October 27, 2011
Milam Glacier Retreat, India
Posted by Mauri Pelto
Milam Glacier flows south from the summit of Trisul in the Indian Himalaya. The glacier is fed by a number of tributaries flowing off the north ridge of Nanda Devi as well. A recent paper by Raj (2011) documents the retreat of this glacier from 1954-2006. In the October 16, 2011 satellite image below, the snowline is at 5100 meters (black arrows) and the terminus at 3600 meters (red arrow). The accumulation zone stretches from the icefall regions at 5000-5200 meters to near the summit of Trisul at 7000 meters. From 1954-1976 Milam Glacier retreated at 20 Meters/year, 440 m. From 1976 to 1990 retreat was still 20 meters/year, 290 m. From 1990-2006 the glacier retreated 40 meters/year, 600 meters. The image below is from the Raj (2011) paper. Raj et al (2014) note that the glacier has retreated 480 m from 2004-2011 an acceleration. They further note an increase in the number of ponds and their size on the glacier, with the growth of 47 notable ponds on the glacier surface (Note their Figure 3, below). The Milam Glacier feeds the Gori Ganga River where a 370 MW hydropower system is anticipated to be built, the system will be a run of the river hydro project. A closeup view from Google Earth imagery of the terminus indicates its stagnant nature and the location of the glacier outlet stream emerging from the under the glacier is a good marker of the terminus, note arrow in top image below. A comparison of 2004 (middle) and 2009 (bottom) indicate the stagnant debris covered nature of the glacier terminus area. A new lake has developed upglacier of the terminus at Point A after 2004. The lake beyond the terminus at Point C has expanded. The terminus where the stream issues from under the glacier is at Point B.
Fuigure 3 from the Raj et al (2014) in Journal of Geological Society of India. The glacier is fed by a number of tributaries that now barely reach and contribute little in the way of volume to the Milam Glacier. These are labelled in the base map from Raj (2011). A closeup example is the Pachmi Drachnu Glacier. The red arrow points out the lateral moraine that now is 100 meters above the current Milam and Pachmi Drachnu Glacier surface. The blue arrow indicates the meager ice supply reaching the Milam Glacier . The Milam Glacier is a summer accumulation type glacier receiving the bulk of its melt and accumulation during the summer monsoon season. This type of glacier is not sensitive to black carbon ablation enhancement as the lower section is debris covered and the upper section covered by frequent new summer snowfall. The retreat of this glacier is similar to that of neighboring glaciers such as the Parbati Glacier, Gangotri Glacier and Satopanth Glacier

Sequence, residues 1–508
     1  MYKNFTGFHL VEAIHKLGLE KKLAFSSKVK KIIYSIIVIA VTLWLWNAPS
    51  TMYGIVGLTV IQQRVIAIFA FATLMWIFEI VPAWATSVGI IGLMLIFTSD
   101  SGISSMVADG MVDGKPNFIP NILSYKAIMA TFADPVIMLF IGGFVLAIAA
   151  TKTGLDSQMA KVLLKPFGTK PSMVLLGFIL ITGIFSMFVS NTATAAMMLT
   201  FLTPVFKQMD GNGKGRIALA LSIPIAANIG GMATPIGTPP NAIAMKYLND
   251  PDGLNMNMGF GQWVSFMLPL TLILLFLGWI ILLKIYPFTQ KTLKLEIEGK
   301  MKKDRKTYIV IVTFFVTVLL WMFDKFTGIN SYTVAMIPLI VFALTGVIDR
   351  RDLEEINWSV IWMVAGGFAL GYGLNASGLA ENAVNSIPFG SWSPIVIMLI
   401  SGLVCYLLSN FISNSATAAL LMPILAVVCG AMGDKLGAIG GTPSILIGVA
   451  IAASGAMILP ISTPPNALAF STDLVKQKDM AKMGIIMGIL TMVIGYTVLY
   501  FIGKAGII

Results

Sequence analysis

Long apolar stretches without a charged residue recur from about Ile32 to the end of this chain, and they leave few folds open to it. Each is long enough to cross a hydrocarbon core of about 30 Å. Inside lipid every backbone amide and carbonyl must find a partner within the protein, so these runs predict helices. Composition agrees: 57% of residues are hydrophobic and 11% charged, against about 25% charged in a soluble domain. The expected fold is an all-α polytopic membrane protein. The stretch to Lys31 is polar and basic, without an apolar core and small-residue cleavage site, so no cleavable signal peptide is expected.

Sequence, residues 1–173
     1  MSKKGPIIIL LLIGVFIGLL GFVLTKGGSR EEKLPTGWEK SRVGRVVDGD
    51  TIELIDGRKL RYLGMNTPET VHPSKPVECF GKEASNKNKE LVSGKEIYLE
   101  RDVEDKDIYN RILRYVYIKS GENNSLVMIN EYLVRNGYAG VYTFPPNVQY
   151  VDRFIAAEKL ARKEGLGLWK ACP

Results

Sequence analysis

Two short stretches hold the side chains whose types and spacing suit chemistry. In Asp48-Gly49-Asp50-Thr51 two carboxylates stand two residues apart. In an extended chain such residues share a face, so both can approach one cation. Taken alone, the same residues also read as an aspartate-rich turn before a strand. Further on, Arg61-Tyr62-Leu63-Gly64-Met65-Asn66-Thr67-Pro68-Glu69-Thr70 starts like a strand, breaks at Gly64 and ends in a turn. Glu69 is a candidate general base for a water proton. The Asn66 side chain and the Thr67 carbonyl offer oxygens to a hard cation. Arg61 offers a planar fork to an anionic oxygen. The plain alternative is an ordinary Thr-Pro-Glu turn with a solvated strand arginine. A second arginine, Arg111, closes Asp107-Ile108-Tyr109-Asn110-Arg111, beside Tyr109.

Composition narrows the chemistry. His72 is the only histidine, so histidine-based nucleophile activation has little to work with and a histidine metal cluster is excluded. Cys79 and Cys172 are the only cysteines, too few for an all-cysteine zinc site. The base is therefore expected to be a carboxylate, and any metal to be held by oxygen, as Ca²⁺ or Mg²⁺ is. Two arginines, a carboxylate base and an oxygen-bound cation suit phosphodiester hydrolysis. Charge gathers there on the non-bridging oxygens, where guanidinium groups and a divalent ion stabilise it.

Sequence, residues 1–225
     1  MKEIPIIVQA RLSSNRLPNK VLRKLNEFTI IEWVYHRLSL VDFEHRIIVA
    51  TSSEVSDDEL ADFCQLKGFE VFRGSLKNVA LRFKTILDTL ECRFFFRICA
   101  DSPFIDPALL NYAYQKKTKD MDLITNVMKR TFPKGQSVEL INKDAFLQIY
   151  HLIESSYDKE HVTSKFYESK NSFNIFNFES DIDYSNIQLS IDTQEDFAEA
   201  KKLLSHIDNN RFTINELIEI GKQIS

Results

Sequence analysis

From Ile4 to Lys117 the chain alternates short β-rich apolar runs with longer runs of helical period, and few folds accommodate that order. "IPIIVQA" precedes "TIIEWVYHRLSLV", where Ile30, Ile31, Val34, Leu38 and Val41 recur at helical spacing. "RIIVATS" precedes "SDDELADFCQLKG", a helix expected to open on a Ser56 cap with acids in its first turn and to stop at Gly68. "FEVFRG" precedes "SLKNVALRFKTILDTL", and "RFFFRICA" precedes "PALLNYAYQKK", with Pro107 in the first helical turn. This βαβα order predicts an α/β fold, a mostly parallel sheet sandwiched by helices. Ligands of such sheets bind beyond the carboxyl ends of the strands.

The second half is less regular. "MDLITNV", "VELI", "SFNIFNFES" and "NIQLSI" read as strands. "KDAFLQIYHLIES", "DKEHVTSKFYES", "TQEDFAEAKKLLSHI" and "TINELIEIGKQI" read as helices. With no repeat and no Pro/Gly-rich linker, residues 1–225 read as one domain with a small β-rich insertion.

As a college student and wanna-be mountaineer my team-mates and I had first hand experience of glacial retreat (now attributed to climate change) in 1983. We were on a small expedition to climb Ikualari peak, just north of the Ikualari glacier that is a tributary of the Milam. We had “beta” from Harsh Kapadia from his expedition some 20 years previous. Based on his description, we were expecting the terminus to be close to Milam village and a snow covered glacier with filled, invisible crevasses, and a snow plod till the confluence of the Ikualari glacier with the Milam. Instead, we found the terminus had retreated significantly from where we’d expected it to be, there was no snow on the glacier, a deep gap between the eastern hillside and the surface of the glacier which made it difficult to get on to the surface of the glacier until just before the Bullantari glacier. Once on the Milam, we encountered a debris laden surface, no snow, lots of surface streams and lakes and below the debris, what looked to us like black ice. We made attempts over the next few days to penetrate to the upper part of the glacier, above the icefall, but were blocked by massive open crevasses and seracs in an impenetrable maze. One of us attempted to climb up the Bullantari (?) and see if we could descend onto the Ikualari Glacier from the intervening shoulder. On our last day we hewed close to the eastern edge as far as we could (we had no ladders). I was attempting to cross a crevasse (wider than I could have long-jumped at sea level with spikes on a track!) on what looked like a narrow but solid crossing when a huge (double the diameter of a human head) boulder rolled off the cliff above, hit the opposite side of the crevasse, shook the crossing I saw on so ice fell off the top right where I was planning my next step, fell into the crevasse and crashed its way down. I turned back when my teammates pointed out that err, it was no longer a solid crossing, more of an arch that remained.
We never got more than a glance at Ikualari Peak, our objective.